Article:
Nebraska is green and flat, a part of the vast corn belt. There are farms everywhere, and silos, and the land does not look like the West at all. But as you travel on toward the setting sun, you find three great, wild rocks which rise out of the plains. First you come to Chimney Rock, towering lie a giant needle on the prairie. It was a famous landmark for the setlers in their covered wagons as they traveled west on the Oregon trail or took the more southerly route to the Colorado goldfields.
Then you come to the twins--Courthouse Rock and Jailhouse Rock. Formed of yellowish stone, they are covered with yucca plants and sagebrush. Mud swallows nest in the rock faces. If yo climb one of the twins, thre is a wonderful view of the plains all around. And westward beyond the plains rise the chalk cliffs and the sandhills of Nebraska, home of many western Sioux.
A long time ago a Sioux war party surprised a war party of Pahani near Courhouse Rock. We Sioux had been fighting many battles with the Pahani. The wihites had pushed nations like ours, whose homeland was further east near the Great Lakes, westward into the prairie and the hunting grounds of other tribes. Maybe the Pahani were there before us; who knows? At any rate, now we were hunting the same herds in the same place, and naturally we fought.
I guess there must have been more of us than of the Pahani, and they retreated to the top of Courthouse Rock to save themselves. Three sides of Courthouse Rock go straight up and down like the sides of a skyscraper. No one can climb them. Only the fourth side had a path to the top, and it could easily be defended by a few brave men.
Thus the Pahani were on the top and the Sioux a the foot of Courthouse Rock. The Sioux chief told his warriors: "It's no use trying to storm it. Only three or four men can go up that path abreast, so even the women and children could defend it. But the Pahani have no water, and soon they'll run out of food. They can stay up there and starve or die of thirst, or they can come and fight us on the plain. When they climbe down, we can kill them and count many coups on them." The Sioux settled down to wait at the foot of the rock.
On the summit, as the Sioux chief expected, the Pahani suffered from hunger and thirst. They grew weak. Though there was little hope for them, they had a brave leader who could use his head. He knew that three sides of the rock were unguarded but that one would only have to be a bird to climb down them. On one of the three steep sides, however, there was a round bulge jutting out from the rock face. "If we could fasten a rope to it, we could let ourselves down," he thought. But the outcropping was too smooth, round, and wide to hold a lasso.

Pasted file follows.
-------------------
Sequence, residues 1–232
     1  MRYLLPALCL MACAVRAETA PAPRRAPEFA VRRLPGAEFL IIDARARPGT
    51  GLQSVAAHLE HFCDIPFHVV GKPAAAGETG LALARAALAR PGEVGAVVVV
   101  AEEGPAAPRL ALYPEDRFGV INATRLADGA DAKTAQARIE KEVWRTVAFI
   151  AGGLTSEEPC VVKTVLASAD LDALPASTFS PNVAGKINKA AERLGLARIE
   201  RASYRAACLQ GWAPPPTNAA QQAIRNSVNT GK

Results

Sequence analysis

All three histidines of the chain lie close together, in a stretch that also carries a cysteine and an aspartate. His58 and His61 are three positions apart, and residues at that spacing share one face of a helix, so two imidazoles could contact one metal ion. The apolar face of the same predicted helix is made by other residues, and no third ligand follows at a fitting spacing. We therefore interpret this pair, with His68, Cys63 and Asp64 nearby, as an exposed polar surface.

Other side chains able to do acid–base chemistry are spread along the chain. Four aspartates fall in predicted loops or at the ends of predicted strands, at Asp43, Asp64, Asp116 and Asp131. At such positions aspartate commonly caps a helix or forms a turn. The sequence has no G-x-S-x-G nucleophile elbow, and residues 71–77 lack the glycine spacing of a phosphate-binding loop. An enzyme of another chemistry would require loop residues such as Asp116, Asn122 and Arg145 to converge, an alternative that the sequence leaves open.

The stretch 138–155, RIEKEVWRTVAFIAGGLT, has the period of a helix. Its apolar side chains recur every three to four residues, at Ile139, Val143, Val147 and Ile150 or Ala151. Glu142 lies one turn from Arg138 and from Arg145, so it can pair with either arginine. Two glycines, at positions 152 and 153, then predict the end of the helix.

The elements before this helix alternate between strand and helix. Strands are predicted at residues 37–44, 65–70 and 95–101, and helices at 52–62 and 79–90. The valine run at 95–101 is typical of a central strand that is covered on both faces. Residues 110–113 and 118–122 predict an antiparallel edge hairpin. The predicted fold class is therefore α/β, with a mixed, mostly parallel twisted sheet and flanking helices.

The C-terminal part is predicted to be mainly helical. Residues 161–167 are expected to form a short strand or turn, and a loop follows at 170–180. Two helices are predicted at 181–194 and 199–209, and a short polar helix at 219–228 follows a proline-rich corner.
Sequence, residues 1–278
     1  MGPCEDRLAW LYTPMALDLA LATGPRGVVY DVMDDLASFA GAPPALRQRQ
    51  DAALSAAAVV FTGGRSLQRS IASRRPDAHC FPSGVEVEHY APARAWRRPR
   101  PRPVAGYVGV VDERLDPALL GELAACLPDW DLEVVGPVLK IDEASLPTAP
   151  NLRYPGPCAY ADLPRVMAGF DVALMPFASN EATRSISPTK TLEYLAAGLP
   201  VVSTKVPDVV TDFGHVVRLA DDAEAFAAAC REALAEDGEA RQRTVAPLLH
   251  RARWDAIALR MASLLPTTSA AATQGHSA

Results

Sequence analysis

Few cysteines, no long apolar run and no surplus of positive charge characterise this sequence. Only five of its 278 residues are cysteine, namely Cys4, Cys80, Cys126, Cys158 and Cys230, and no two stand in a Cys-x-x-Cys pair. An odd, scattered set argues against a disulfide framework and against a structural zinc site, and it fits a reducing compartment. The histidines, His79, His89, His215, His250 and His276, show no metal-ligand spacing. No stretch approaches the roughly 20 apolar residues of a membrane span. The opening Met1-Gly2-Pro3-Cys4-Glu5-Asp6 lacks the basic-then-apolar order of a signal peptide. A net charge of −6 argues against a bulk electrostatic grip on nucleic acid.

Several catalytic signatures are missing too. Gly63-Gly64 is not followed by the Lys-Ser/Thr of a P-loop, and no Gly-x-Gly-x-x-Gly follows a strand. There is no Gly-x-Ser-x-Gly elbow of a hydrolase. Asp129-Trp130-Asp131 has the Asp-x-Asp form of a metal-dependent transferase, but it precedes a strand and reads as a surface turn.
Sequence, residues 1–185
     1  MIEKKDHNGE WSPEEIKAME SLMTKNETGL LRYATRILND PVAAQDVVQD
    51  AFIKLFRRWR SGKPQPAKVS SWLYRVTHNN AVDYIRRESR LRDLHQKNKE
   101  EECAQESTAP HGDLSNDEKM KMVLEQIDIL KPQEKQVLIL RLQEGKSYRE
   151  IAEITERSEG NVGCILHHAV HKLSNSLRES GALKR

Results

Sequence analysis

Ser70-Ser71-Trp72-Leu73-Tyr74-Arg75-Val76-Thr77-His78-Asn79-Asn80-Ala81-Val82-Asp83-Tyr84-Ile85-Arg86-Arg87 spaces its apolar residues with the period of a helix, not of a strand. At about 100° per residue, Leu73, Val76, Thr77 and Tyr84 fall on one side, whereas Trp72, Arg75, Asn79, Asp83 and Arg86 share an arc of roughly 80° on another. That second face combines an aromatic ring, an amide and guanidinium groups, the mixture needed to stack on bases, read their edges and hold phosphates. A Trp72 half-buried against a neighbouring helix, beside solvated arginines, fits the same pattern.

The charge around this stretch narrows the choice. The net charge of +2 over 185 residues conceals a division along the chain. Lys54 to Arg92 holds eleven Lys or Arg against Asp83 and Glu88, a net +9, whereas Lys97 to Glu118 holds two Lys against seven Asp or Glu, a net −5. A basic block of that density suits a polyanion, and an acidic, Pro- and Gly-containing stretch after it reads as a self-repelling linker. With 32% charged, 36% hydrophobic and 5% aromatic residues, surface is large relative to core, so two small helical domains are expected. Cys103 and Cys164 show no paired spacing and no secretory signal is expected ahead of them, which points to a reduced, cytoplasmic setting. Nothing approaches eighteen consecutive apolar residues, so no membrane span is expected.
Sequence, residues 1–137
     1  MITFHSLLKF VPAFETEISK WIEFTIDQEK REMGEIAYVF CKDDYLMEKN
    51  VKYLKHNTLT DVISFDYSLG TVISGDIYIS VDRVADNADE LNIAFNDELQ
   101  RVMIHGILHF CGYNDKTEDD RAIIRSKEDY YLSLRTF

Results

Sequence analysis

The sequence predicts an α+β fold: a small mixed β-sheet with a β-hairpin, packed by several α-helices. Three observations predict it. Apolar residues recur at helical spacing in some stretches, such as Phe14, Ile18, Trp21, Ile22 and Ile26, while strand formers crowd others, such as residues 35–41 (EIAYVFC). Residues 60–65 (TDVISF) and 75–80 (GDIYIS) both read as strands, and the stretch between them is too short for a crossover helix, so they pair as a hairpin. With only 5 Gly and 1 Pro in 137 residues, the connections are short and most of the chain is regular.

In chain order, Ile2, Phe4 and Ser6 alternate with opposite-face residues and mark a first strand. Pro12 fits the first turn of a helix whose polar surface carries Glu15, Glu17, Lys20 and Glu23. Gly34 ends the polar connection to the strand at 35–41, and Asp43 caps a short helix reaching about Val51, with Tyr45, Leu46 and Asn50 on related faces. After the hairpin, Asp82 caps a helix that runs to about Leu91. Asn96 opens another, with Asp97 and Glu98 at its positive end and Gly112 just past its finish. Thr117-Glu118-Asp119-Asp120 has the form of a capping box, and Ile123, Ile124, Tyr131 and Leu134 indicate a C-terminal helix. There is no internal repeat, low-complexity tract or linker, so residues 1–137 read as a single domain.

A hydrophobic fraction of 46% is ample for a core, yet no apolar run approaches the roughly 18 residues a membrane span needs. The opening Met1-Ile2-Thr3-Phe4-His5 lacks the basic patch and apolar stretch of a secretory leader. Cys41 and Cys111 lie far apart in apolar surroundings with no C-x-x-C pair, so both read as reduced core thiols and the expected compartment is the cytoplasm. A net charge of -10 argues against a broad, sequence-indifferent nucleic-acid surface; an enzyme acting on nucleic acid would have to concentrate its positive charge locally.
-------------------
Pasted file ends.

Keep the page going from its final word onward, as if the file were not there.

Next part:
Then the Pahani leader tried his knife on the rock bulge. he found that the stone was soft enought fo the knife to bite easily into, and he began patiently whittling a grounf around the bulge. He and his men worked only at night so the Sioux wouldn't see what they were up to. After two nights they had carved a groove deep enough. When they tied all of the rawhide ropes together, they found that the line would reach the ground.
On the third night the Pahani leader tied one end of the rope around the bulge in the rock. He himself tested it by climbing all the way down and then up again, which took most of the night.
On the next and fourth night, he told his men: "Now we do it. Let the youngest go first." The Pahani climbed down one by one, the youngest go first." The Pahani climbed down one by one, the youngest and least accomplished first, so that a large group of people could belay them, and the older and more experienced warriors later. The leader came down last. The Sioux did not notice them at all, and the whole party stole away.
The Sioux stayed at the foot of the rock for many days. They themselves grew hungry, because they had hunted out all of the game. At last a young, brave warrior said: "They must all be dead up there. I'm fed up with waiting; I'll go up and see." He climbed the path to the top and shouted down that nobody was up there.
That time the joke was on us Siox. It's always good to tell a story honoring a brave enemy, especially when the story is true. Are there any Pahani listening?"
--Told by Jenny Leading Cloud at White River, Rosebud
Indian Reservation, South Dakota, 1967.
Recorded by Richard Erdoes.
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